"I think you probably could run Boeing if you thought gravity was optional, as long as you were willing to let people who didn't think it was optional actually do the design of the plane," Hayhoe said. "Here's the thing: If we think it is optional to agree that the planet is warming, humans are responsible and the impacts are serious ... we will be making decisions that are not based in reality."

    By and

    03/02/2018 05:00 AM EST

    Anthony Adragna contributed to this report.

    source: https://www.politico.com/

    original story HERE

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  • UNUSUALLY HIGH TEMPERATURES IN ARCTIC RISE IN FREQUENCY...

    http://katharinehayhoe.com

     

    Weather patterns in the Arctic have been described as "freakishly warm." NPR's Michel Martin talks with climate science professor Katharine Hayhoe of Texas Tech University about what's behind it...

    Listen HERE

    Transcript:

    NPR MICHEL MARTIN, HOST:

    The weather has been a big story across the country this week - dangerously high winds in the Northeast, heavy snow in the Midwest and heavy rains in the West. But there's another strange weather story that isn't as visible as the broken trees and flooding you've probably seen on the news, but it's still cause for concern. It's in the Arctic. Even though the sun hasn't come out there in months, temperatures in some areas have been above freezing, and in some areas were the highest ever recorded in February.

    We wanted to hear more about this, so we called Professor Katharine Hayhoe. She's a professor of climate science at Texas Tech University, and she's with us now from Lubbock, Texas. Professor, thanks so much for speaking with us.

    KATHARINE HAYHOE: Thank you for having me.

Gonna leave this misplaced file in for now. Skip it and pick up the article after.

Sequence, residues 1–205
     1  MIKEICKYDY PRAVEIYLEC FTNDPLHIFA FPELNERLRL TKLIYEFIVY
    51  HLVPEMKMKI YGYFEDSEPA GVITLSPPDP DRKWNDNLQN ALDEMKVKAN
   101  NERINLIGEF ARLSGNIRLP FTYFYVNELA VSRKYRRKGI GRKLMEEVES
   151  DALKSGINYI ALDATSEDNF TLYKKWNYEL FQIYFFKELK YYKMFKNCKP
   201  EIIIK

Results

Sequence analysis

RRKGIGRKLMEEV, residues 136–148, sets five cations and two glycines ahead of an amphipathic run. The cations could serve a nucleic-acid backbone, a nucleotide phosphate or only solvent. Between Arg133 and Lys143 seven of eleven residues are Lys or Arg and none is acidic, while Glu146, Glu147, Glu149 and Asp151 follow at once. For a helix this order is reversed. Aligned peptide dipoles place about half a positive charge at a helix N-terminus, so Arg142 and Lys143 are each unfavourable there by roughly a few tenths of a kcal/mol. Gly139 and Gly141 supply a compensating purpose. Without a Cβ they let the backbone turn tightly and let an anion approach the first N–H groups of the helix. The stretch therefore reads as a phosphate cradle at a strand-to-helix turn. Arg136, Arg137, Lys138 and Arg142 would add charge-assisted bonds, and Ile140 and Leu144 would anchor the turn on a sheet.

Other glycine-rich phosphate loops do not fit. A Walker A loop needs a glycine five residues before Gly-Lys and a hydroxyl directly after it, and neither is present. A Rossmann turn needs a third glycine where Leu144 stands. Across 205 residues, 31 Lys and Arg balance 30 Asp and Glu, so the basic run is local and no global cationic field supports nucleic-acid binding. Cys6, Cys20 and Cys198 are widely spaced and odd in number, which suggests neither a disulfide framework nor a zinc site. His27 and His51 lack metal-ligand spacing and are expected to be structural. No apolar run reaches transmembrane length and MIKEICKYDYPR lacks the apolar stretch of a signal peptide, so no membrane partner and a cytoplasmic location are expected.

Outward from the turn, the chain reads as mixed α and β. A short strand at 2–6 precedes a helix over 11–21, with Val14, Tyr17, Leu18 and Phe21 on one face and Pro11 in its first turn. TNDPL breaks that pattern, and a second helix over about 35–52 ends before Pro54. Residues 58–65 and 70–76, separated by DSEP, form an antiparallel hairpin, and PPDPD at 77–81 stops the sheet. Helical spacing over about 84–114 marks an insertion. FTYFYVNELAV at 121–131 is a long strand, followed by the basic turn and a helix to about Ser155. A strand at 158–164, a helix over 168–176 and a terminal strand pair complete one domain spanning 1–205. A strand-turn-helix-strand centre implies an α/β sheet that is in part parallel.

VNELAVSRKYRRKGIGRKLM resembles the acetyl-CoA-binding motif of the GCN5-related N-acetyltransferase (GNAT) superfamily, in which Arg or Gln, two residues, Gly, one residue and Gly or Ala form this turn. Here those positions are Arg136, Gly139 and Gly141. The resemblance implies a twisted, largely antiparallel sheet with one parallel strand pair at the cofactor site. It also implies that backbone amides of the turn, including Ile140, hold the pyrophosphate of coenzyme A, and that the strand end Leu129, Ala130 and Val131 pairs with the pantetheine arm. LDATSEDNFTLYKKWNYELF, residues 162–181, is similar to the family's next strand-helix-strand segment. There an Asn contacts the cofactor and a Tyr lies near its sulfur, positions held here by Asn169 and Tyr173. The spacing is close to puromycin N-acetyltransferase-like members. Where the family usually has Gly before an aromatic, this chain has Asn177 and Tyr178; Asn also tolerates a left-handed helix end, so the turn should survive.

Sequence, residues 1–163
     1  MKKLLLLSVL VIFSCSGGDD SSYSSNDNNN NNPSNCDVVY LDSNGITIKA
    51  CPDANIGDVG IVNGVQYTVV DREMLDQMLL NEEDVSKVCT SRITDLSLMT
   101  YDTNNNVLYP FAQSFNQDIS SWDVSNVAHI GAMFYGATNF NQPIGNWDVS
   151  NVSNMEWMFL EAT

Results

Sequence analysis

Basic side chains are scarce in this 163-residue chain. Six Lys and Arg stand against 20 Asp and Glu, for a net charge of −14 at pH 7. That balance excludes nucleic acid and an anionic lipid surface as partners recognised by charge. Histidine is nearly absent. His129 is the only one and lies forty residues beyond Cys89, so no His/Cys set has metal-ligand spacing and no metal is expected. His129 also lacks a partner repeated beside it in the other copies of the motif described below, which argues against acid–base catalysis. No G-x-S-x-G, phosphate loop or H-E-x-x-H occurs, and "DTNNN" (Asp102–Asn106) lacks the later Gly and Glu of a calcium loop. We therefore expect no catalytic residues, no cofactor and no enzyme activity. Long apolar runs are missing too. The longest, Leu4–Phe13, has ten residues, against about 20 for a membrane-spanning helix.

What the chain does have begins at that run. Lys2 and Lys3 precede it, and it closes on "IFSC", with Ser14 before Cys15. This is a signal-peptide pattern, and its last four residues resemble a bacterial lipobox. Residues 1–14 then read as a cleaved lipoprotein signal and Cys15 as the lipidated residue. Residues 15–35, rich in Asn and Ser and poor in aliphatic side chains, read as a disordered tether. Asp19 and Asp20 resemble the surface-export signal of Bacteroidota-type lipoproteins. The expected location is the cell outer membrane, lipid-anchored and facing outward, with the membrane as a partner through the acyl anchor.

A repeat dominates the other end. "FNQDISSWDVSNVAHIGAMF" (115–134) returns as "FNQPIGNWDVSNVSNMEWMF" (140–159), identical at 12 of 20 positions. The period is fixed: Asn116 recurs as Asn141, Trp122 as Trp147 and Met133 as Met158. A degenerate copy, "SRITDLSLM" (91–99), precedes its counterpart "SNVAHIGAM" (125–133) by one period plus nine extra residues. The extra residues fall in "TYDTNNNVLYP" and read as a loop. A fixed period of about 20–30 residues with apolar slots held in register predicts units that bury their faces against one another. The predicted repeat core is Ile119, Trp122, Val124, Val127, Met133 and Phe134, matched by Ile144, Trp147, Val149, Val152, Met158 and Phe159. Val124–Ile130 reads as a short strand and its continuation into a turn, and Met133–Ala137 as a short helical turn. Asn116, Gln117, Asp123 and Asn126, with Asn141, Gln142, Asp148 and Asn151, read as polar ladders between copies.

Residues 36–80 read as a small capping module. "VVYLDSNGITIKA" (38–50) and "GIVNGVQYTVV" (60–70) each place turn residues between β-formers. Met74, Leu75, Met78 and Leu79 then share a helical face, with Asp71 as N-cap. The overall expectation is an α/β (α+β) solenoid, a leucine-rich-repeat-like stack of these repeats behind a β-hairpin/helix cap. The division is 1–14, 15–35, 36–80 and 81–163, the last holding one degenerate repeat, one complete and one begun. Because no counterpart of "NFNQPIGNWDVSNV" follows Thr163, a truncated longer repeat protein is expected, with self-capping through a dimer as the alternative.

MARTIN: Would you give us some sense of how unusual these temperatures have been in the Arctic?

    HAYHOE: Well, the Arctic does get winter heat waves - not what you or I would consider a heat wave, but what you'd consider in the Arctic to be a heat wave - about once every 10 years. But what we're seeing is that these heat waves are getting more and more frequent. And they are getting stronger and stronger to the point where last week, almost all of Europe except for southern Spain and Italy was colder than northern Greenland.

    MARTIN: And what does it have to do with the Arctic?

    HAYHOE: What happens is the polar vortex, which seals the Arctic off in the winter, it's been weakening. And last week, it actually weakened and split in half, which effectively opened the refrigerator door. And all of that cold air in the Arctic came cascading down over Europe.

    MARTIN: And so what have been some of the other effects of this?

    HAYHOE: Well, the Arctic is one of the most sensitive parts of our planet. We've known since the 1890s that the Arctic would be warming more than twice as fast as the rest of the world in response to human-induced change. What's happening up in the Arctic is as it warms, sea ice is melting. And that exposes dark ocean, which absorbs even more heat. And that is why the Arctic is warming so much faster. And we are just starting to understand how the Arctic warming is affecting the weather patterns down here where we live.

    MARTIN: I know that you're about to embark yourself on a number of talks with your colleagues. What are you saying to each other? And what do you want the rest of us to know about this?

    HAYHOE: In terms of the conversation about climate change in general, I think the two most important things for us to understand are we care about it not just because it affects the polar bear - because it affects us. Climate change affects our food, our water, our energy, our economy, our national security, our health. It affects us in the places where we live by exacerbating or amplifying the risks that we already face naturally.